Here is one example (canadian)
    http://www.phac-aspc.gc.ca/ebic-femc/index-eng.php

     
    Last edited: Jan 3, 2015
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  8. Anne

    Anne Senior Member

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    Below is Swedish ME/CFS advocate Sten Helmfrid's (PhD, Associate Professor of Physics) comment to the P2P draft report. I'm posting it here with his permission. It's focused mainly on lines 113-114 in the draft report, where it is wrongly stated that measurable improvement has been demonstrated following treatment with CBT and GET. Sten Helmfrid shows clearly that in fact no CBT/GET studies have demonstrated improvements in objective outcomes.

    We are posting the comment here in case people wish to use Sten's statements or sources in their own comments.


    I am concerned about the claim on rows 113–114 in the draft statement that studies on cognitive behavioral therapy (CBT) and graded exercise therapy (GET) demonstrate measurable improvement for patients with ME/CFS. There are two underlying biopsychosocial assumptions in these studies: firstly, that the illness is perpetuated by behavioral factors and deconditioning; and secondly, that behavioral intervention in combination with exercise can reverse the condition. There have been several studies of this kind during the last twenty years. Although some of them show small improvements, the only outcome measures that actually have improved are subjective. It is well known that there is a placebo response in subjective measures. This response is likely to cause large bias in studies on cognitive behavioral therapy and graded exercise therapy, as it is part of the protocol to convince patients that the treatment works.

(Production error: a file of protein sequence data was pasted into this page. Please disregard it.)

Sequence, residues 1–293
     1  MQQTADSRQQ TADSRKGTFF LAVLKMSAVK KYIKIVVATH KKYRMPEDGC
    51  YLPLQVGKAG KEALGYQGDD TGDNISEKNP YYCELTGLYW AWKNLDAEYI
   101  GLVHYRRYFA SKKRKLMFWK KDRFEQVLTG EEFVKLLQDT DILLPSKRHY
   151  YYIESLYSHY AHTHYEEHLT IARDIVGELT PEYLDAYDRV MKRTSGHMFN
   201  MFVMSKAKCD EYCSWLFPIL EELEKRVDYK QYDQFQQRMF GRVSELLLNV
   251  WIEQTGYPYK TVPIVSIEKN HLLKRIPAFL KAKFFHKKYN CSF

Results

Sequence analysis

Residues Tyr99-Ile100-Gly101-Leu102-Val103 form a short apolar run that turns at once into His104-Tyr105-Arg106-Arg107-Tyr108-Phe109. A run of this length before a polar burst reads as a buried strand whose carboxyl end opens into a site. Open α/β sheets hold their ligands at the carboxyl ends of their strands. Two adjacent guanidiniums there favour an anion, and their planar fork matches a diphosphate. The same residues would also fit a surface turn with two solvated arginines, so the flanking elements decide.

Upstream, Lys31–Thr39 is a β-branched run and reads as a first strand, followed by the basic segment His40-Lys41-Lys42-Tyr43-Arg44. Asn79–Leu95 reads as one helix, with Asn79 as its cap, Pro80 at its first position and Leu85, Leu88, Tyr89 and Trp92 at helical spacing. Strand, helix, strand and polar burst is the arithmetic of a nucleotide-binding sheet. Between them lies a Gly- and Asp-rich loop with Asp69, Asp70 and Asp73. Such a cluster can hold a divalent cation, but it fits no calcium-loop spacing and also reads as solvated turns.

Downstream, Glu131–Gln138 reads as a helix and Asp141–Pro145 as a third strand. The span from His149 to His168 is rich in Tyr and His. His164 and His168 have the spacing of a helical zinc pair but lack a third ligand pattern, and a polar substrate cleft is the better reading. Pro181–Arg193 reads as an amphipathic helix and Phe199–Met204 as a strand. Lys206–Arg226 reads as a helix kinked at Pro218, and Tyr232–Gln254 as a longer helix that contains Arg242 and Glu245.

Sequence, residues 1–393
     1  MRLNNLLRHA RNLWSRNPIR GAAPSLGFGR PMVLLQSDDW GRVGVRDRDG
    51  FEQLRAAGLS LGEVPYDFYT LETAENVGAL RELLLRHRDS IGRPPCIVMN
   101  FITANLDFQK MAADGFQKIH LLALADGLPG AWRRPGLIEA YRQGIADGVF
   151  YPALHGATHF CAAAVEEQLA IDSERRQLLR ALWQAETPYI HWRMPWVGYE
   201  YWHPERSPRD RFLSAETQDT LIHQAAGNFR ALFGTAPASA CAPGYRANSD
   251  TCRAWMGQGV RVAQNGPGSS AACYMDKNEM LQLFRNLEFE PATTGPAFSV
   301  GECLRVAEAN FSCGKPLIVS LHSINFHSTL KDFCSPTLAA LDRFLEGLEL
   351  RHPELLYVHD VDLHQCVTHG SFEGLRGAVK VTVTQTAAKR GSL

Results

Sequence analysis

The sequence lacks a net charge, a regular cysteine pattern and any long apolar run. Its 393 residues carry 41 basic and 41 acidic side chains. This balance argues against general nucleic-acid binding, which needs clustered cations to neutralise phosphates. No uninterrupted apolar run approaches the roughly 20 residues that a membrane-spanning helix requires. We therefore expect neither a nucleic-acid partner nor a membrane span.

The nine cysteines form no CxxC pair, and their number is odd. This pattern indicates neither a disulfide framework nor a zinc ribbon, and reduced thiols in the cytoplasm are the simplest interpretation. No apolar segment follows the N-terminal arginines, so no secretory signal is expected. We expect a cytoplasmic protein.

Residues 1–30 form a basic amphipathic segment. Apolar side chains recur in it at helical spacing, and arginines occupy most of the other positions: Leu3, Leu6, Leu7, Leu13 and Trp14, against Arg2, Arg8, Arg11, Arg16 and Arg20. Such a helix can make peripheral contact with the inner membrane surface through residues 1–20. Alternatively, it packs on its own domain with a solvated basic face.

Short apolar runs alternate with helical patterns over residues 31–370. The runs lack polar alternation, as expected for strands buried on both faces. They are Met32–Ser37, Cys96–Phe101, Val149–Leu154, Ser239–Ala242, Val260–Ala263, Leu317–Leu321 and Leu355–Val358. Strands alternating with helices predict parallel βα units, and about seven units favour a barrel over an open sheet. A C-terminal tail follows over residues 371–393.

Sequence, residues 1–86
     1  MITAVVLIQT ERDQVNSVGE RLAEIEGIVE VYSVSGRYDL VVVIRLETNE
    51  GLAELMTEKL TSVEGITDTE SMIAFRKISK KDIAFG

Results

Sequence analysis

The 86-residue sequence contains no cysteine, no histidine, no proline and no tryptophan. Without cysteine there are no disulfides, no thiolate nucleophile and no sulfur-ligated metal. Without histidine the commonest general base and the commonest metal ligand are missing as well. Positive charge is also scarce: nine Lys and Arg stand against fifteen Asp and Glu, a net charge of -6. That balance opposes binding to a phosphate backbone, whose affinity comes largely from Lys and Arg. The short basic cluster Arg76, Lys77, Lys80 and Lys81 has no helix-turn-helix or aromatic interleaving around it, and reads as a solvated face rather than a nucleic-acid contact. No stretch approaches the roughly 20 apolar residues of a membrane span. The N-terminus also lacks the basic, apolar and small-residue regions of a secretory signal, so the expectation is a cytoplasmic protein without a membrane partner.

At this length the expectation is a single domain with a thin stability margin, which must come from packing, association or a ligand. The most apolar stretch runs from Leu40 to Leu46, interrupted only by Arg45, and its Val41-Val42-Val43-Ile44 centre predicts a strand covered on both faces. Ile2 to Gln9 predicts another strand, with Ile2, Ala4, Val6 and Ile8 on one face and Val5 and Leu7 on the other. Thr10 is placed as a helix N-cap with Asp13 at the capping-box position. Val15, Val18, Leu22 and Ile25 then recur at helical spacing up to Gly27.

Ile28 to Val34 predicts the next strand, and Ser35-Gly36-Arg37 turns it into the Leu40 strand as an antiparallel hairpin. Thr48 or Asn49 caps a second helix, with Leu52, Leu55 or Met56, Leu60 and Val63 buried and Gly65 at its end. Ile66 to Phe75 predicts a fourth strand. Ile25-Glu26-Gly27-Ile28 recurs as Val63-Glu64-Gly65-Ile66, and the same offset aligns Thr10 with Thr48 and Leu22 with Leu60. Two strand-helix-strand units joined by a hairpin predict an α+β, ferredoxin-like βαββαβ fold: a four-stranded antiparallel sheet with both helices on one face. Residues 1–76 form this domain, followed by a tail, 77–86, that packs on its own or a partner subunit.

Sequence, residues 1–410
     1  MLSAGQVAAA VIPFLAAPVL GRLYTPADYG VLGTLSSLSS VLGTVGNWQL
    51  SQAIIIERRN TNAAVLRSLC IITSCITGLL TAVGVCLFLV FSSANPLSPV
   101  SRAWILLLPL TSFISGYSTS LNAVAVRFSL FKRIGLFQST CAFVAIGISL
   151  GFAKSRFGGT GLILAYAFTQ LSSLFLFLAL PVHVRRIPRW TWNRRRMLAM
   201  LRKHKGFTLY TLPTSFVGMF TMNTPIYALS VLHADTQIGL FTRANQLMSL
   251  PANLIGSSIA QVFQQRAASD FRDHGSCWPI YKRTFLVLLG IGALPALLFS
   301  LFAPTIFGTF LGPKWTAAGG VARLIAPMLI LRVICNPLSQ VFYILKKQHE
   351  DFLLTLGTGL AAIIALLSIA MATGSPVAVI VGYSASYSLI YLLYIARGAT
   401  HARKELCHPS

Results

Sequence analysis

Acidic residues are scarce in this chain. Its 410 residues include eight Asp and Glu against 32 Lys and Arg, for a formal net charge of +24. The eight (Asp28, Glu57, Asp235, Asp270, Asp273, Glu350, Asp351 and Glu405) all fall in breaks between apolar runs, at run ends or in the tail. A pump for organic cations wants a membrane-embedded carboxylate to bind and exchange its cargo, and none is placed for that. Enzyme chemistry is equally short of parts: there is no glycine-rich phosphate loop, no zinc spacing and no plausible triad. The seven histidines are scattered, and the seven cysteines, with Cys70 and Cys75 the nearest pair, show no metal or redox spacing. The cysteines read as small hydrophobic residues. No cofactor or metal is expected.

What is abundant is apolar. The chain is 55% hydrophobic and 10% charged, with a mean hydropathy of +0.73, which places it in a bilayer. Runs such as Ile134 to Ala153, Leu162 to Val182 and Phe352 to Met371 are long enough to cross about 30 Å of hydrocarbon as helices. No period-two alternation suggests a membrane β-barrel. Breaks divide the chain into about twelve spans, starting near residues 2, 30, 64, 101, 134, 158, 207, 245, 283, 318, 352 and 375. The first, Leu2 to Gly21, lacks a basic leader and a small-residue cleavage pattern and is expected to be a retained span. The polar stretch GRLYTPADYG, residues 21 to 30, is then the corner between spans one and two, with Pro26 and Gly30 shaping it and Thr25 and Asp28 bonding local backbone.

To my knowledge, there are only two studies that have analyzed objective outcome measures. A Dutch group made a post-hoc analysis of actometer data from three of their own CBT studies and concluded that although the fatigue score was reduced in the subjective self reports, there was no objective improvement in the activity levels of the patients [1]. In another study, the same group showed that patients who reported reduced cognitive impairment after CBT did not improve their performance in neuropsychological tests [2].